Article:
Even before I was ever pregnant, I always pictured the birth of my future child to go the way it does in movies. You know the scene--mom pushes, baby cries, the cord is cut, baby goes on mom’s chest, and mom cries happy tears. Of course, births seldom go as planned, but the part that seems to be consistent between film and real life is when mother and baby meet. Everyone gushes about that head-over-heels, heart-bursting love they feel when they see their baby for the first time. It’s supposed to be magical.
As expecting parents, we do a lot of daydreaming about meeting our babies in the months leading up to their arrivals. We want to know what they’ll look like, what features of ours they’ve inherited, and if they’ve got ten fingers and ten toes. I spent my entire pregnancy being impatient to meet my baby. I clicked weeks ahead on my phone’s baby tracking app to see which fruits or vegetables she would be the size of next. Broccoli, cantaloupe, pineapple. I eyed the pineapple on my countertop. That’s how big she would be at 34 weeks. Aww. I was envious of everyone whose babies were born before mine, and as I double-tapped photo after photo of never-ending birth announcements, it felt as though my turn would never come.
When the long-awaited day finally did arrive, everything went without major incident. Just like that, she was here. When the nurse placed my baby on my chest, I held her close, but the only coherent thought I could muster was I’m so tired. Between the exhaustion and pain of labor, my mind was struggling to process that the baby in my arms was the very same one whom I’d been dreaming about for months. It felt as though I’d just been handed someone else’s baby. I had no experience with infants and had never even held a newborn or changed a diaper before that day. Of course, I marveled at her perfectly-formed fingernails and delicate features, but handling her still felt awkward and clunky. It wasn’t until much later in the night, when I looked down at her little face as she was nursing, that it all finally clicked.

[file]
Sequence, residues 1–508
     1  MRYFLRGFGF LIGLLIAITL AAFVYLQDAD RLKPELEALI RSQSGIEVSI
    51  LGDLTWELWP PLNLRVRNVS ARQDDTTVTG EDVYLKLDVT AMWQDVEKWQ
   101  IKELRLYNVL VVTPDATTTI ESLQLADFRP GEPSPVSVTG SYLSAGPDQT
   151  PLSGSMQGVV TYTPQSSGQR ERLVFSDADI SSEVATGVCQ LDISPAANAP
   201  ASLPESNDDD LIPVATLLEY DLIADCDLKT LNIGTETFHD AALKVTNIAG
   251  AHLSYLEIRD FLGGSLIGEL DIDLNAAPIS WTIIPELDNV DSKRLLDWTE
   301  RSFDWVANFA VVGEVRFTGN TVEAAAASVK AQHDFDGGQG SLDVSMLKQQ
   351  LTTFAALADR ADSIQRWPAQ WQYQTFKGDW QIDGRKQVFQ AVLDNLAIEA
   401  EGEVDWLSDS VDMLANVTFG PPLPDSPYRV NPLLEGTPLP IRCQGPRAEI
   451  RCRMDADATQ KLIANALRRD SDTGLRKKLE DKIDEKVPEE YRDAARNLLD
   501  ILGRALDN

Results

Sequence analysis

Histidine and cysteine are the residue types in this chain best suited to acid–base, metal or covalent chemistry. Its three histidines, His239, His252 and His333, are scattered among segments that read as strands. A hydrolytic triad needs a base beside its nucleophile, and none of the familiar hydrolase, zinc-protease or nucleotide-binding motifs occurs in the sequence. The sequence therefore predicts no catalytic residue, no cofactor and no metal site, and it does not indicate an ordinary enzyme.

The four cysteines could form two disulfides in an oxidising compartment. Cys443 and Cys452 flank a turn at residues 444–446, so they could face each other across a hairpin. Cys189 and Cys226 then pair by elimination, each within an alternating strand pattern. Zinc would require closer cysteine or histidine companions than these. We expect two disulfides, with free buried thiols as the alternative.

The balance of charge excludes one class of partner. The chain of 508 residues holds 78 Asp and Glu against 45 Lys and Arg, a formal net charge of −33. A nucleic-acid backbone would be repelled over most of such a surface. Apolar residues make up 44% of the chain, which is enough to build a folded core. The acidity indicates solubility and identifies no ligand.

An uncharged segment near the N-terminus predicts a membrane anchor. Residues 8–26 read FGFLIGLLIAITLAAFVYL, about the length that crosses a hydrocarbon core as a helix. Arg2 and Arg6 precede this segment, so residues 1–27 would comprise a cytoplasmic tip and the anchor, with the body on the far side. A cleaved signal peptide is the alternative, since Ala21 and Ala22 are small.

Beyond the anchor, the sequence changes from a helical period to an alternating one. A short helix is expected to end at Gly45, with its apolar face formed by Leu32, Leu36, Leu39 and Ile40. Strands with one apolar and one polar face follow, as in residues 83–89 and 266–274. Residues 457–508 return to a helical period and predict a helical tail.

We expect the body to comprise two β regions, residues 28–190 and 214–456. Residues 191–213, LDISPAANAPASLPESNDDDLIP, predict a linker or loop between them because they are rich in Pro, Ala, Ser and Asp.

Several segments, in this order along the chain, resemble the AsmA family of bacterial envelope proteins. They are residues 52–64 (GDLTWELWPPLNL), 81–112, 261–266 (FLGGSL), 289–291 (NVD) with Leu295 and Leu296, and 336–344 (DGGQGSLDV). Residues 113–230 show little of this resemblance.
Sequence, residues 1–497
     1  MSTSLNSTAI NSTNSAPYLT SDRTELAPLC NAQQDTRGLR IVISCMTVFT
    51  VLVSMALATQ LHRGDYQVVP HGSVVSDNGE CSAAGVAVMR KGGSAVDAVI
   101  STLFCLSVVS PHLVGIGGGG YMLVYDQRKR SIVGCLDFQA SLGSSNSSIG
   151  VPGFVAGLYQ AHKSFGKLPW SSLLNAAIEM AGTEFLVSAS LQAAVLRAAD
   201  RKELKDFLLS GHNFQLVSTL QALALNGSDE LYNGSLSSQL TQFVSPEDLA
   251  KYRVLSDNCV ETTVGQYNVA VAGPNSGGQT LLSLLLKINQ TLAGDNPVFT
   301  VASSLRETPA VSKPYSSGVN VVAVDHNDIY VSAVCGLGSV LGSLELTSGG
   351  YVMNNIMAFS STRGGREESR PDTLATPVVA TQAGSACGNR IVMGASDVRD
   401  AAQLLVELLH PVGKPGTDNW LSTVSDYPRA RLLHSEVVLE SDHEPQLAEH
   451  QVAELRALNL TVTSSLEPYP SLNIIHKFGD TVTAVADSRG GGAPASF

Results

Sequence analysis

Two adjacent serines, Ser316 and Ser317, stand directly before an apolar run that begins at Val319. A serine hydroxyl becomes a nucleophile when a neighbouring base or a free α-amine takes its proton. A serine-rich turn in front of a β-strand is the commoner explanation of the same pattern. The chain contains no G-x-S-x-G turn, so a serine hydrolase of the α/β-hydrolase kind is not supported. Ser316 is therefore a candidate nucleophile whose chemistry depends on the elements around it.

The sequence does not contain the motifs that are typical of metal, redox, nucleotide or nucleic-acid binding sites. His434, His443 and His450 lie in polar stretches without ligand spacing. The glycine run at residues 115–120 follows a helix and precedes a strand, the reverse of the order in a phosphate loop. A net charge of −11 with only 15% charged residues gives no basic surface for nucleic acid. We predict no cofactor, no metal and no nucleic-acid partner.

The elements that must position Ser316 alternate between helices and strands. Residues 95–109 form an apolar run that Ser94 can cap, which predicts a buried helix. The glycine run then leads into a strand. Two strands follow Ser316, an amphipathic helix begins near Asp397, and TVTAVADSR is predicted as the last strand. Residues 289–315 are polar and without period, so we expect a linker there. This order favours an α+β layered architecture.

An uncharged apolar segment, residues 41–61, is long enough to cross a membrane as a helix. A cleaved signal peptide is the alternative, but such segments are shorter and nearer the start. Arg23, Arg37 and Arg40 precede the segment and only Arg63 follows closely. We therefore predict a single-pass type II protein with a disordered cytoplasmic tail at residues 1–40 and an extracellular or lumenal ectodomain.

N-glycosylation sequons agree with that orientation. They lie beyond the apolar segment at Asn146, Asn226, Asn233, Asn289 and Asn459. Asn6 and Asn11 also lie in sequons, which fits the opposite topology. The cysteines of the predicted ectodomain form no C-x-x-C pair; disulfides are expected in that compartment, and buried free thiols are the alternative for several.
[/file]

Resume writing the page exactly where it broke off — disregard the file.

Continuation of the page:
Although the bond with my daughter took a full night to really take hold, that attachment can take even longer for others. Some feel it immediately, while others may take days, weeks, or even months to get there. WebMD notes, “Studies have found that about 20% of new moms and dads feel no real emotional attachment to their newborn in the hours after delivery.” There are also many factors that can also play a role in delayed attachment, including postpartum depression, a history of mental illness, if the baby had to spend time in the NICU, if you had a C-section, etc. Even though it can take some time before it all clicks, there are still many ways you can bond with your newborn to foster that deep attachment.
Don’t underestimate the powerful effect that skin- to-skin contact has on both mother and baby. There’s a reason that the baby is placed on mom’s chest right after being born. Skin-to-skin, also known as kangaroo care, calms and relaxes mother and baby, stimulating brain activity in both. The close contact also has the power to regulate the baby’s heartbeat, temperature, and breathing, along with a number of other benefits. It’s worth noting that skin-to-skin shouldn’t end after the hospital stay. Moms, dads, and babies can continue to reap the long-lasting benefits of skin-to-skin contact at home. It’s wonderful for promoting bonding because it releases hormones, like oxytocin, prolactin, and endorphins, which reduce stress and may help prevent postpartum depression.